After Vietnam, my expectations may have been a little high. Life would not be perfect nor close to perfect. Ice cream, I’d dreamed of for a year, didn’t even taste as good as I had remembered.
Although I intend to remain faithful in my promise to write honestly and to give you the unvarnished version of how I was feeling, reacting, or coping at any given time, I believe I complained a bit much in the previous chapter.
Rather than sniveling, I should have said: “I’m out of Vietnam, back in the World with no worry of being shot by a Kalashnikov; no booby traps — no incoming. I have no field expedition requirements, and despite my on-call status, I’ve not been apart from my wife for more than 24 hours, and I sleep next to her warm body every night in a comfortable bed.”
SoCal is a Hip-Laid Back megalopolis, and we had already visited Disneyland. Ft. McArthur was a beautiful and historical post, named after one of our most famous generals. It was a great assignment.
I was working in the HQ building on the second floor in the Awards and Decoration section one day in Mid-1968 when I heard raised voices from downstairs, a slight commotion. Someone was yelling, “Where the fuck’s personnel?”
It was a young man in civilian clothes, a bit scruffy with an attitude, standing near the Sergeant Major’s office. With no authority over someone he didn’t know to be in the military, and not in uniform, the senior NCO was in no position to dress him down, but he was doing so anyway. The man had walked into the HQ of an active army post using profanity after all; what gives?
Turns out — I kid you not — he was looking for the personnel office, so he could pick up his Medal Of Honor! We were astonished when we found out he was not joking.
I talked with the former soldier briefly, while the Sergeant Major, both hands covering his face, was hyperventilating. He wanted no ceremony, no publicity. I asked him if he had considered staying in the Army, as the Medal Of Honor (MOH) would surely be a boon to his career. “Fuck no, are you dinky dau?” he snapped, “I’m hanging drywall, making five-dollars an hour.”
I considered telling him the story that I’d heard about President Truman, a combat veteran, who upon presenting a soldier the Medal Of Honor in the White House remarked: “I’d rather have [earned] that medal than be President.”
Oh, well. This superhero, presumably, returned to his apartment in Downey, tossed his MOH in a drawer, got up the next morning, and went to work — hanging more drywall.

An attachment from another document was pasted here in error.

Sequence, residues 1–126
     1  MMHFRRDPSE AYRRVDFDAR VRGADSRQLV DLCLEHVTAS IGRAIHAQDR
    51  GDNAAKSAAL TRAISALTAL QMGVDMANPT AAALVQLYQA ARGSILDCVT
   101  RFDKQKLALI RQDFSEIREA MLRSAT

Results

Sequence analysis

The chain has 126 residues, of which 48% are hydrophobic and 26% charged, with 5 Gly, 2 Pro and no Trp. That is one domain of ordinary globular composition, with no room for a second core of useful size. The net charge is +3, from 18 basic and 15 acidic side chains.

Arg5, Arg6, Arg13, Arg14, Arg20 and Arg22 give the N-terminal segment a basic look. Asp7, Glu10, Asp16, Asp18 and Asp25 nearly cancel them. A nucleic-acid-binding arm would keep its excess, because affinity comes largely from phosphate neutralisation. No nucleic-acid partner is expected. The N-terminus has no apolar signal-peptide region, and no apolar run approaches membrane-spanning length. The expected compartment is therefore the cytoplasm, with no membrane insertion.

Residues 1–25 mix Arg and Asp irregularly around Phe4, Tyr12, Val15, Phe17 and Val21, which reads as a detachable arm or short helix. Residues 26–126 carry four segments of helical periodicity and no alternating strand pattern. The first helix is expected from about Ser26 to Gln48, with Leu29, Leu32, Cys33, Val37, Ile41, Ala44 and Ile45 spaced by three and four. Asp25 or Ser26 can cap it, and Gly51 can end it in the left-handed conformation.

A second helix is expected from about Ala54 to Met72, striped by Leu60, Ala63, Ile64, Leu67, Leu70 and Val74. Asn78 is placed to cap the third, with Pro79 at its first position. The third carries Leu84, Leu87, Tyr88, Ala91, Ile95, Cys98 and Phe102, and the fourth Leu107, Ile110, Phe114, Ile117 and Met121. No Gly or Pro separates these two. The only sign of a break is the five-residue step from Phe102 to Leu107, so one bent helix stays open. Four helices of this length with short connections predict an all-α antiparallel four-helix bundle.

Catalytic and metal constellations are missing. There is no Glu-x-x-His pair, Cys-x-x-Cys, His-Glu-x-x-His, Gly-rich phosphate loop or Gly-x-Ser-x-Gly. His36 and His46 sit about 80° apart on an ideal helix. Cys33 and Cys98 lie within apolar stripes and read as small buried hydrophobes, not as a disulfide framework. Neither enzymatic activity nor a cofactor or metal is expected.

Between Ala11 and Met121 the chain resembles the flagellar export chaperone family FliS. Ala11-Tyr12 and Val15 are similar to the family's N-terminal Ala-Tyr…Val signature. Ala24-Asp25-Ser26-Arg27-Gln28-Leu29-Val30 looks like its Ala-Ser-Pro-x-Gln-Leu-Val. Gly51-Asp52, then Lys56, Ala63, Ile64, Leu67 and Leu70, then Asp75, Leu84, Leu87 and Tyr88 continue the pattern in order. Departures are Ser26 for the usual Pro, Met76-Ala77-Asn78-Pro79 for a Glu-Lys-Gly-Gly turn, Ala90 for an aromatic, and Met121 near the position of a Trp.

On the subject of work, I wondered what plum assignment a warrant officer in our section had. He would come into the office looking sharp is his Class-A uniform, stay a few minutes, and was gone the rest of the day.
Then I found out. He was occupied with notifying LA area next of kin of those killed in Vietnam. When a family is informed, the military member must be at least equal rank as the KIA. Most helicopter pilots in Vietnam were warrant officers. Our soldier of that rank, outside of bloody combat, was fulfilling the worst duty in the military — ringing those doorbells. This dreadful detail would not only continue, but increase. The deadliest year for US troops in Vietnam was this year, 1968, and that included lots of helicopter pilots.
I can imagine him wheeling a big olive drab ’65 Ford Custom 500 staff car, without power steering, around the streets of LA. The yellow three-inch tall lettering on the front doors read: “U.S. Army For Official Only.”
He was a great target for citizens, who occasionally gave him the finger. It may have come from those active in protest movements, or people who just hated the U. S. Army for what it may have done to them or their families.
With likely outdated paper maps, he crept slowly through neighborhoods looking for that address. Spotted by service member wives, daughters, sons, or parents, they pointlessly retreated to the back of their houses, trying to hide from their front doors, but listening still, for that knock and praying that it never came.
Back in the States, away from the war, I hadn’t thought much about General Norton’s declaration. That was until May 1968. I was out with four or five friends from the post, TV playing in the background, when the news came on. I saw Pres. Johnson at the White House place the Medal Of Honor around Hagemeister’s neck!
Excited and surprised, I raised my voice over the din in the club, “Hey, I know this guy, I was out there with him. That’s Chuck Hagemeister!” The guys were twisting their faces, “OK Swan, OK, sure, all right then,” they grumbled — never looking up from their game of pool. I tried once more, “No really,” and then just gave up. (Unfortunately, Hagemeister’s father would not live to see his son receive the monumental honor, he died when his only son was just four-years-old.)
I often think of that day in 1967, about Hagemeister, about the brave men who got no medal at all, and about those who gave it all. Now I live secluded near the ocean, count my blessings every night in a comfortable bed. I’m no longer worried about taunts from my fellow citizens — like those at the airport the day I arrived from Vietnam — or incoming from the enemy we fought for so long, so long ago, so far away.
As for those who may have said, "People who served in Vietnam were Suckers." I disagree. "No Thank you for your Service Suckers" just doesn't have the same appreciatory ring. Instead, it might be appropriate to say of the "leaders" who sent us there: The only domino's that fell were on the 58 thousand plus souls sacrificed and the survivors, many of whom are still suffering.
This concludes my In Country chapters on Vietnam. But it will be a source of discussion in the next two chapters: How We Could Have Won In Vietnam & The 1st Team In Vietnam.